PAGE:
T HE simple definition of insolvency is when an entity is unable to pay its debt as they fall due. Going by this definition, the Federal Government and most states of the federation can be adjudged insolvent. Workers and pensioners across the land are owed many months of unpaid salaries and pensions, with little prospects of these arrears ever being paid unless there is a dramatic improvement in government revenues. Government contractors have fared even worse; unable to service their loans or pay their creditors, many have laid off hundreds of thousands of workers. The bitter truth is that the money is simply not there. Nigeria is broke. Crime is rampant everywhere, fuelled by youth unemployment, which is believed to be up to 50 per cent.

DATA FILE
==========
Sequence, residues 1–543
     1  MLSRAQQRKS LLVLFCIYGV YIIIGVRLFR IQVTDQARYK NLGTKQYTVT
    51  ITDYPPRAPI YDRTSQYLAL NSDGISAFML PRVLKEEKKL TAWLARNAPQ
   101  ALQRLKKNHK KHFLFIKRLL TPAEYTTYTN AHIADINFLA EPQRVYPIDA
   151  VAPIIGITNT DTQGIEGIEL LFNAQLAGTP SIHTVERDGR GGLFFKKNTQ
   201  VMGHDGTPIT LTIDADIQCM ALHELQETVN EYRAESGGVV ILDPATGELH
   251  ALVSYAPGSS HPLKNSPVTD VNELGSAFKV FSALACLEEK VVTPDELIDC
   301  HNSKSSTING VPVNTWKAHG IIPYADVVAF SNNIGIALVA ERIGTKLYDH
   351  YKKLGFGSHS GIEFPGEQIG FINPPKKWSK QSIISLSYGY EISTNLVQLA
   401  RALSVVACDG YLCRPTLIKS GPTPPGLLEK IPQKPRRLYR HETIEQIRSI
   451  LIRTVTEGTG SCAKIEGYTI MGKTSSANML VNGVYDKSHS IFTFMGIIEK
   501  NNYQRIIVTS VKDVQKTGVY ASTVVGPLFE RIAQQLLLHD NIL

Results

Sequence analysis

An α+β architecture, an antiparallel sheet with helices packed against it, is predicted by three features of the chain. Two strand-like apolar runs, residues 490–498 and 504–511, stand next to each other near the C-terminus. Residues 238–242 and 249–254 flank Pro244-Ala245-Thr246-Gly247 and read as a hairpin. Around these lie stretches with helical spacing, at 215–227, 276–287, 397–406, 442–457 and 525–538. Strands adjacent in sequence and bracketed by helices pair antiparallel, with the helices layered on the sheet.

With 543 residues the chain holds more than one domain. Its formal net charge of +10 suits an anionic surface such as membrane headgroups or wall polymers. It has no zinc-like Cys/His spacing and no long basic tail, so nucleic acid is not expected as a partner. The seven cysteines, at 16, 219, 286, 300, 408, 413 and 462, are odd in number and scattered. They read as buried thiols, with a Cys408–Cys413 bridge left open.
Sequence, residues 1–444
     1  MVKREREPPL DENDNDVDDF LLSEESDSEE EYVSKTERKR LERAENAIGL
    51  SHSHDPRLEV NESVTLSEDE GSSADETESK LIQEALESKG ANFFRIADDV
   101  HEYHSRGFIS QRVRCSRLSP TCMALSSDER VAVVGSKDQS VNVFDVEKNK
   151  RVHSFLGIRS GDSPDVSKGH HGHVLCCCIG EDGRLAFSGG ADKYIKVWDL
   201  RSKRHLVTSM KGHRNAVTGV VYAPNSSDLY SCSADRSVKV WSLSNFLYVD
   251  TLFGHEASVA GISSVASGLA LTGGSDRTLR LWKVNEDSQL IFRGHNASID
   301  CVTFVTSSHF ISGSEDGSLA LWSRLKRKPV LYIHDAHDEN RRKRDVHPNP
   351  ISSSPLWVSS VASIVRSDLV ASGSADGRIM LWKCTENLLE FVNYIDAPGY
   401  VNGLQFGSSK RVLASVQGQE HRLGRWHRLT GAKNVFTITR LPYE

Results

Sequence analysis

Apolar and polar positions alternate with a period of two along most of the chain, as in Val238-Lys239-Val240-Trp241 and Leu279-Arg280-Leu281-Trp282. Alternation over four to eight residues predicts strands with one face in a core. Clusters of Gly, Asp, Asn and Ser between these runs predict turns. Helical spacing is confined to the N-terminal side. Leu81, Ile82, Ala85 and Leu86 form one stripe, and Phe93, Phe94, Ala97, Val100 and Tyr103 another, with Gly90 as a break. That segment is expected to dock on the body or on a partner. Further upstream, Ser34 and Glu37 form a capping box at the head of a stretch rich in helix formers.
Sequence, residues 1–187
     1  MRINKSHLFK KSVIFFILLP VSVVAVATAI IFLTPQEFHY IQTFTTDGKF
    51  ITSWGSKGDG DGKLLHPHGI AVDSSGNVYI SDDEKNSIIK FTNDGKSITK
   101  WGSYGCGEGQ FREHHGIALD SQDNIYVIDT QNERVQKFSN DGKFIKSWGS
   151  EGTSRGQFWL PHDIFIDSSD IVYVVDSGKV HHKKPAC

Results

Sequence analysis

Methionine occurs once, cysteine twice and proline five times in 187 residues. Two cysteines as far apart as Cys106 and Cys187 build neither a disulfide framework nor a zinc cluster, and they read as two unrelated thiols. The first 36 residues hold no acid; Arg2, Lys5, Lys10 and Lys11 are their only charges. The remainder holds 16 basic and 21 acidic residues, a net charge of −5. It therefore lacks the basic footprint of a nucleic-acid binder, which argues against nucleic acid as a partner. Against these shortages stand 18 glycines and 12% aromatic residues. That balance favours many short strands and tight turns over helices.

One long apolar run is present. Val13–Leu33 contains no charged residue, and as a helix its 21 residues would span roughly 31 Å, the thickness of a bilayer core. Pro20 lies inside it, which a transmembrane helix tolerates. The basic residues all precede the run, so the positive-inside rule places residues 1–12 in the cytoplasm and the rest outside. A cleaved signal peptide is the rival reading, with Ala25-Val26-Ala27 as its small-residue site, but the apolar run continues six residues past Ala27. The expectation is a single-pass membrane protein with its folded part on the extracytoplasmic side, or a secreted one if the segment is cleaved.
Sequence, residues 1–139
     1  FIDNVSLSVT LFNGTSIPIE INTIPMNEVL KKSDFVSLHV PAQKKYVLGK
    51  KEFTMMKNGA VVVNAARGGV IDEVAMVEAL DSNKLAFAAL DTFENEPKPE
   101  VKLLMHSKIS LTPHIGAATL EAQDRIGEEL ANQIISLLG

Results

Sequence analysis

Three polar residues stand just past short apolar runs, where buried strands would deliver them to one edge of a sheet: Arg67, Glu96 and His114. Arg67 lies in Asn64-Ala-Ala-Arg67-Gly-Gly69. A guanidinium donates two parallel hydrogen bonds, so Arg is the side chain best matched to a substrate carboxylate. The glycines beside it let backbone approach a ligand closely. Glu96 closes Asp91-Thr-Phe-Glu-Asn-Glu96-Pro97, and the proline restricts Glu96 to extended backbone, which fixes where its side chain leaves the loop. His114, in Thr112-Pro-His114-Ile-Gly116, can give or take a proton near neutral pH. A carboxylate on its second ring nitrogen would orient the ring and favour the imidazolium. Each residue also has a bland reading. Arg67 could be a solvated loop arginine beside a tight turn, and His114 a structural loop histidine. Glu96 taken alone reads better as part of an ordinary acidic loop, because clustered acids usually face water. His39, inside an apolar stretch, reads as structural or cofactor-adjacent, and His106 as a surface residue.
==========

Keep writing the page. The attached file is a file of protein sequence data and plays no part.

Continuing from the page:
Apart from perhaps progressive states like Lagos, and a few others like Anambra, work in the public sector has virtually ground to a halt because of non-payment of salaries. The impact of this state of affairs on the economy cannot be overstated, with tenants unable to pay their rents and businesses unable to sell their wares due to lack of customers. Inflation is spiralling out of control because of the rising cost of inputs, stifling economic activity. Even those in work are begging for money. Wherever you look, frustration is palpable; there is hunger in the land. The Federal Secretariat, Abuja, the heart of government, is said to be without power most of the time because of the paucity of funds to maintain generators. With lifts not working, staff in high-rise buildings unable to climb many flights of stairs are forced to stay at home, including ministers.